A divisive political issue in Kiribati has been a protracted bid by the residents of Banaban Island to secede and have their island placed under the protection of Fiji. The government's attempts to placate the Banabans include specific provisions in the constitution, such as giving them a seat in the House of Assembly and returning to them land on Banaban acquired by the government for phosphate mining.
In terms of political developments, elections for the house of assembly were last in late September
1998. non-partisan candidates took 15 seats and the Maneaaban te Mauri Party (MTM) won 14 seats while the Boutokanto Koaua Party (BKP) won 11. (Note: Maneaban Te Mauri translates into Protect the Maneaba and Boutokan Te Koaua translates into Pillars of Truth.)
President Teburoro Tito was re-elected in the presidential election of Nov. 27, 1998. He won 52.3 percent of the vote, followed by Harry Tong with 45.8 percent. Amberoti Nikora of the Boutokanto Koaua Party received 1.8 percent.
The Kiribati government received some negative press concerning illicit activity by officials. In early 1999, there was a dispute when the opposition asserted that cabinet ministers were receiving preferential treatment from public utilities companies. It was revealed that some ministers had outstanding electric bills of up to $800. More recently the North Tarawa Member of Parliament,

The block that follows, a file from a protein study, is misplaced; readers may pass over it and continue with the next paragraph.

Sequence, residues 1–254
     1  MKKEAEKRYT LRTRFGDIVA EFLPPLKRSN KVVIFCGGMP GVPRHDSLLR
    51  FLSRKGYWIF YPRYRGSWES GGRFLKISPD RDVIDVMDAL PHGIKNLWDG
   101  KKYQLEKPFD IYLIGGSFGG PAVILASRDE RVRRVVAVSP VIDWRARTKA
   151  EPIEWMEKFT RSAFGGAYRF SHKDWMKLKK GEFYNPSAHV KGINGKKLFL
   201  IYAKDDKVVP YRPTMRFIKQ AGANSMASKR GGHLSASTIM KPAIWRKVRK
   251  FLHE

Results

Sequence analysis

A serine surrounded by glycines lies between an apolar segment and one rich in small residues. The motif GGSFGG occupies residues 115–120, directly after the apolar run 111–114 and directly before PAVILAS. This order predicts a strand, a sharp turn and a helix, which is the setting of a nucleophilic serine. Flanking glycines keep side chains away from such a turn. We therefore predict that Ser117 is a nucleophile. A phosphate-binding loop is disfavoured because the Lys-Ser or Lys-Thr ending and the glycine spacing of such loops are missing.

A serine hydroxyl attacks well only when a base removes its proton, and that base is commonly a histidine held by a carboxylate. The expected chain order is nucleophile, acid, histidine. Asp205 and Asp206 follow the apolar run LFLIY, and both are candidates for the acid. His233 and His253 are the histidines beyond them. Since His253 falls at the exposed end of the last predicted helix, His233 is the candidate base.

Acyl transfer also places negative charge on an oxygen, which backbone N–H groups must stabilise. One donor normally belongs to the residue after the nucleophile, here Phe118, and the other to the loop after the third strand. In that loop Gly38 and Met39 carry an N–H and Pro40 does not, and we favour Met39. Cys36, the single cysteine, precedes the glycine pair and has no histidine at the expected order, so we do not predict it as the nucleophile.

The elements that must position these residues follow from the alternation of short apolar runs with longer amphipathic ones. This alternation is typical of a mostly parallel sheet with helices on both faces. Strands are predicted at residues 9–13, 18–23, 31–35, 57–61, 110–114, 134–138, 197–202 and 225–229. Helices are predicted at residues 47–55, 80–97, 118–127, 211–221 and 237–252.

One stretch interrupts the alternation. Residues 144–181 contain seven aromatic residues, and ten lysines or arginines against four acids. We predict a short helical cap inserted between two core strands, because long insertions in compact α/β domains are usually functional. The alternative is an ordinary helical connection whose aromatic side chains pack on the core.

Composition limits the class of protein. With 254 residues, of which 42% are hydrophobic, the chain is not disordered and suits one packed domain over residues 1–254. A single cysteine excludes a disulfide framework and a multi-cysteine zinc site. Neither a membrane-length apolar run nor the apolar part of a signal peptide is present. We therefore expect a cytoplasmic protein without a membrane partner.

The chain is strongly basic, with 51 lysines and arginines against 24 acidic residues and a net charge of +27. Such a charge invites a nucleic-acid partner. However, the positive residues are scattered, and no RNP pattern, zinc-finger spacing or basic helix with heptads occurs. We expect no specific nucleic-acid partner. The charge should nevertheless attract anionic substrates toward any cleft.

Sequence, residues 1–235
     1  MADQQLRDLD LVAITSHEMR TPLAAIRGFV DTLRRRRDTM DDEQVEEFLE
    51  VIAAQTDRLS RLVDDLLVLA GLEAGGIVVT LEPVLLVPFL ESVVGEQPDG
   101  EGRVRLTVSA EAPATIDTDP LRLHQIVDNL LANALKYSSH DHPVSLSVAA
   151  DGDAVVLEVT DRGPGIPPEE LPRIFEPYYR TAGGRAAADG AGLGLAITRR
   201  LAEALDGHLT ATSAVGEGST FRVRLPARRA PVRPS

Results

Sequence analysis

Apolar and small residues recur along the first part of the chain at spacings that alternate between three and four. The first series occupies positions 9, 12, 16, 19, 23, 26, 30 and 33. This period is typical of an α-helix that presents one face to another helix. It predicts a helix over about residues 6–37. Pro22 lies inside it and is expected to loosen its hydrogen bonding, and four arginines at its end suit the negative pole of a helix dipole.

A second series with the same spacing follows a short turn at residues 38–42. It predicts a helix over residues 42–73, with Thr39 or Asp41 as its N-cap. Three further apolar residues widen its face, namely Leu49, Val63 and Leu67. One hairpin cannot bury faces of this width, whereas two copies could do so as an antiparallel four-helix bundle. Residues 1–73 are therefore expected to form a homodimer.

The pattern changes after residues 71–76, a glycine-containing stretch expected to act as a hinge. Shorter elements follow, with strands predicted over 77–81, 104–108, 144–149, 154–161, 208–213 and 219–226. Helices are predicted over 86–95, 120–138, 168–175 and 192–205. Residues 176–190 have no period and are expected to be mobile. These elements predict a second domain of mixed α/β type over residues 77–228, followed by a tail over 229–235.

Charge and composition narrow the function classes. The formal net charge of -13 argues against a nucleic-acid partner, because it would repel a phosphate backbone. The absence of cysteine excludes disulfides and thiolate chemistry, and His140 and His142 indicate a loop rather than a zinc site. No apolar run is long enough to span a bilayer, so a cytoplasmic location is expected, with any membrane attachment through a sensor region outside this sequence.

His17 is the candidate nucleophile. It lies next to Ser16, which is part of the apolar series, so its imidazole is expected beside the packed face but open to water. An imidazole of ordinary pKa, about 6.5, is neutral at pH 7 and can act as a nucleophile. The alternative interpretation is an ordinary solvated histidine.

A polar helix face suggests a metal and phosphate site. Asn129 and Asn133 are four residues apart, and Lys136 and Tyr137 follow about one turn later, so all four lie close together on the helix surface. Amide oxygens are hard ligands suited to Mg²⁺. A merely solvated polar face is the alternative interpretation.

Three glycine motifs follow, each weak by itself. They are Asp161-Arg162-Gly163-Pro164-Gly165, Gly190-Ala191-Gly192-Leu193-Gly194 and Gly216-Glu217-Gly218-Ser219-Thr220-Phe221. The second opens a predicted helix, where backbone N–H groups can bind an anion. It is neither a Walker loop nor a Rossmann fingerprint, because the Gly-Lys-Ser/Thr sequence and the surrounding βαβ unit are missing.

John Kumkee, was fined and sentenced to four years in prison for bribery and customs evasion.
Kumkee appealed and remained in office for three months, but his appeals were ultimately rejected.
A dispute between the Kiribati Overseas Seamen's Union (KIOSU) and the German-owned firm
South Pacific Marine Services (SPMS) over wages and contracts began in May 1999 and was finally resolved amidst controversy in September. The KIOSU accused SPMS of paying lower wages to I-Kiribati seamen than required by the International Transport Workers Federation
(ITWF). The Ministry of Labor denied that the seamen were treated unfairly.
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After a few months of negotiations, SPMS agreed to pay a better wage with a longer-term contract. The government then accused the ITWF and KIOSU of not acting on behalf of the seamen in the wage negotiations with the SPMS. The KIOSU claimed that it was fully involved with the negotiations and retaliated by claiming that the government had made the allegations to cover up its own complicity in the exploitation of I-Kiribati seamen.
In November 1999 the Ministry of Education announced a plan to implement nine years of free education for all children. The plan included the establishment of 18 junior secondary schools by
The International Monetary Fund (IMF) voiced its approval of the government's economic policies in October 1999. while the IMF was impressed with Kiribati's ability to increase growth and maintain low inflation, the organization recommended that the government reduce trade barriers and encourage foreign investment, improve the infrastructure, reduce reliance on the public service as a source of employment and promote the private sector. The IMF also called for health education, improved social welfare services and measures to improve environmental protection.